How bells make their sound is a complex but interesting subject. The discussion here is restricted to bells of typical ‘western’ profile, rather than those of the east which have a very different shape. Western bells are usually hit by an iron clapper at a point on the inside, near the bottom, or by an iron clock hammer at an equivalent point on the outside. This impact causes the bell to vibrate in a number of different ways or modes. Each mode can have a different frequency, intensity, attack and decay time, and can be characterised by ‘stationary’ points or nodes, both around the rim, and vertically up the bell.

In instruments with vibrating strings or columns of air (pianos, guitars, flutes, trumpets, organs etc.) the frequencies of the various modes or vibration are related approximately by simple arithmetic ratios. This means the various modes of vibration are ‘in tune’. Also, the sound is more or less sustained, which makes for ease of study. In bells, as in gongs and drums, the unique shape means that the various frequencies of vibration are not automatically related in simple ratios. Also, the impact of the heavy clapper and the rapid decay of some of the partials means that measurement and investigation is not easy.

Western bells assumed something close to their present shape about 1000 years ago. Since then, bell founders have attempted to produce a ‘better’ shape through a process of experimentation and development. The actual shapes used are a compromise between the sound quality or timbre of the bell (which is heavily influenced by its shape or profile), ease of casting and tuning, and certain other characteristics such as weight and basic dimensions of importance when the bell is rung full circle in the English style. The history of the improvement of bell sounds is one of periods of dramatic progress (for example, by the Hemonys in the 17th century, by various English founders in the late 19th / early 20th century, and in the mid to late 20th century as the result of detailed research). At other times, when economic and production factors have gained the upper hand, progress has slowed and even reversed. Even today, there is no one formula for the profile of a bell that guarantees the best results for all purposes, and founders regard their bell profiles as commercially sensitive information.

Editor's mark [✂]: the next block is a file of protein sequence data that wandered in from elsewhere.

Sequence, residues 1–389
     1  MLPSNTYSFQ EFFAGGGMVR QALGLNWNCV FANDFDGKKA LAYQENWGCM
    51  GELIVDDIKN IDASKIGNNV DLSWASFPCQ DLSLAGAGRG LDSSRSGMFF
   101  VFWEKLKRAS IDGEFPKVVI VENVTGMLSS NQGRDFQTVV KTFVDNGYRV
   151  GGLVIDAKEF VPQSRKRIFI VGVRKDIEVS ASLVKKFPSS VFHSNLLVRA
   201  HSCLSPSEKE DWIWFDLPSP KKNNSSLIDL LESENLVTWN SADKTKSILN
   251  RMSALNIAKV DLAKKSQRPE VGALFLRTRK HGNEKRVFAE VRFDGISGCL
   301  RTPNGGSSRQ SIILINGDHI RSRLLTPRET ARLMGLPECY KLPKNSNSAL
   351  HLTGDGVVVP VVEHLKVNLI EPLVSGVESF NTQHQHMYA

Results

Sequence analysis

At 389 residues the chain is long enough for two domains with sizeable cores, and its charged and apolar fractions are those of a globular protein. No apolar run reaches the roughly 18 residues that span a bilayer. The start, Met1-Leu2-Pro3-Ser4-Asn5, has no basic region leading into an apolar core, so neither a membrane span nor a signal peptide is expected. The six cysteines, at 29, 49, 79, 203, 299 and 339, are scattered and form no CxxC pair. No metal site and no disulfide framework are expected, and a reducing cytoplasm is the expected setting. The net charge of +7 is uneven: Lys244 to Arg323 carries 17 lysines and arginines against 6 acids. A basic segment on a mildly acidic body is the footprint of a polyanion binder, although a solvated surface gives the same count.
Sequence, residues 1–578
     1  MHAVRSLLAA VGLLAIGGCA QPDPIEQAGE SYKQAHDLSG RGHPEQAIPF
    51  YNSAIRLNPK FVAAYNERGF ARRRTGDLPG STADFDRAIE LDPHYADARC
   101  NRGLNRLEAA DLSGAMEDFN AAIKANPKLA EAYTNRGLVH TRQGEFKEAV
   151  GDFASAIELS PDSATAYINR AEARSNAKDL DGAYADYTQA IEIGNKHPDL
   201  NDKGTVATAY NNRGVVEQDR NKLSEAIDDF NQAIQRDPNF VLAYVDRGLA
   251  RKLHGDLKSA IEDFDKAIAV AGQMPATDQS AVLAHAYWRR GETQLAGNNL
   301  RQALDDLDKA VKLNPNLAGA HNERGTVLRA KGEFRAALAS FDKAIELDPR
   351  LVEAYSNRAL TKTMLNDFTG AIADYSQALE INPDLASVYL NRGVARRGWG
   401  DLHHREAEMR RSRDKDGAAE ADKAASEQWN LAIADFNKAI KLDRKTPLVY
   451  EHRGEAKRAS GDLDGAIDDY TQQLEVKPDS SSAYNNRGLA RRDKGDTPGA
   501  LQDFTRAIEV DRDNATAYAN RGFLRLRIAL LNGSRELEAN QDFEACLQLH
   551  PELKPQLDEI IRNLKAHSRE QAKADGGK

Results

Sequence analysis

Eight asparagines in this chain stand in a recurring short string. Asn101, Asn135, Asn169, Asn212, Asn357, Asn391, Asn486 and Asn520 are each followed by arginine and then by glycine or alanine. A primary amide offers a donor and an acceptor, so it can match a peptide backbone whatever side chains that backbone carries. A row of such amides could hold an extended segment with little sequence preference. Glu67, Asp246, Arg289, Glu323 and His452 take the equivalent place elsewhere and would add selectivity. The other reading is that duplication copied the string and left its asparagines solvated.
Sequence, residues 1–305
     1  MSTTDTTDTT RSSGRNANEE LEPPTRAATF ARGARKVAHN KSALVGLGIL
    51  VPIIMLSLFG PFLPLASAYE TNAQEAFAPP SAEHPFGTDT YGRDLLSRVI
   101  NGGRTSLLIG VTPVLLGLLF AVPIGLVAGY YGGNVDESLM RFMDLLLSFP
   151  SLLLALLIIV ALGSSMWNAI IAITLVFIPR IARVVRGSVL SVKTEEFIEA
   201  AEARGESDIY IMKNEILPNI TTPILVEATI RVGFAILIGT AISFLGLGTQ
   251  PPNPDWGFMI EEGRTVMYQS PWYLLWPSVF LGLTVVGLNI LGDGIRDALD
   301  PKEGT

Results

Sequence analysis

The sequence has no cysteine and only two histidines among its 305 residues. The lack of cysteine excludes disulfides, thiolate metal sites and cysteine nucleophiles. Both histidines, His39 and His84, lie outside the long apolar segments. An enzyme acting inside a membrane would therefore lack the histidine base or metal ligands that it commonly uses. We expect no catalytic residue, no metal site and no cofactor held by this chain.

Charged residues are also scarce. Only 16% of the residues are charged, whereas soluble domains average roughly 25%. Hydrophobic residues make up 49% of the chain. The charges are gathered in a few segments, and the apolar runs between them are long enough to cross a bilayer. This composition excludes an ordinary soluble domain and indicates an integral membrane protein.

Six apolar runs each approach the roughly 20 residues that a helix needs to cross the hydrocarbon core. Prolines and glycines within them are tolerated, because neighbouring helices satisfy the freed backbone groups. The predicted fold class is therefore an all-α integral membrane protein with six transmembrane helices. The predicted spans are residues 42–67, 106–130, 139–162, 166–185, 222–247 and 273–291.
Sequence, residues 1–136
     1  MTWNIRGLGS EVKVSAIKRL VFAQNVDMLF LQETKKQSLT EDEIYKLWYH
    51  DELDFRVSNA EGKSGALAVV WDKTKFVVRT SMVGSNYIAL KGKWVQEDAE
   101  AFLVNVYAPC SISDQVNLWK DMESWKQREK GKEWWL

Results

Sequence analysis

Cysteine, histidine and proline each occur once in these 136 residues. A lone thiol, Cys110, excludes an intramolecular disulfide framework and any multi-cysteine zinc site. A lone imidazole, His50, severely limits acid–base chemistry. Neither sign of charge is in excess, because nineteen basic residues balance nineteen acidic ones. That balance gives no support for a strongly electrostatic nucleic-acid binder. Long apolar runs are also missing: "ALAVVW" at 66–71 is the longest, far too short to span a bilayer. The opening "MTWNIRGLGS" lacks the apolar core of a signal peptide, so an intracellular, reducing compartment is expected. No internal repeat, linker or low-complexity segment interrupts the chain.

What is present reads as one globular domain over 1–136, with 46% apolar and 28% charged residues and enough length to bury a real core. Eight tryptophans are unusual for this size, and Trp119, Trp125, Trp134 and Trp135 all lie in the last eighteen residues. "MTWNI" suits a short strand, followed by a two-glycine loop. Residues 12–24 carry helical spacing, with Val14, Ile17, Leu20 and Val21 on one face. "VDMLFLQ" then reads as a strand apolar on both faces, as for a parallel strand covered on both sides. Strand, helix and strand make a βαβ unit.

This section of the website covers in considerable detail the sound produced by bells. The physical processes within the bell and the details of how each mode of vibration or ‘partial’ is tuned have been researched extensively elsewhere and references are given where required. The subsections of this part of the website cover; the main partials in a bell and how they are tuned; the meaning of the pitch of a bell and what determines the pitch or ‘strike note’; the various uses to which bells are put and how this impacts their design and tuning; the variation of partial intensity over time; a comparison of Perrin et al’s detailed research into the physical modes of vibration of a bell with the actual sound it produces; and an introductory discussion of the effect of building structure and materials on bell sound.

To illustrate the differences in timbre, here are a number of bell recordings, adjusted to have the same nominal, with rather different sounds:

Despite all these bells having the same nominal, I can also hear differences in pitch between them. This is an example of a most important effect – the pitch or strike note of bells – which I have been researching in considerable depth. The page on the pitch of bells explains and demonstrates the effect. In brief, it has been traditional for the note assigned to a bell, the strike note, to be taken as an octave below the nominal, without any explanation as to why this should be. It was Rayleigh who first stated this assumption in a scientific context, though an explanation waited almost a century. The work in the early 80’s of Terhardt proves the principle that a bell’s strike note is a virtual pitch effect, generated in the ear from a number of bell partials, and that of Eggen and Houtsma shows the dependence of a bell’s pitch on the nominal, superquint, octave nominal and other partials. This demonstration shows the practical effect of changes in the upper partials of bells.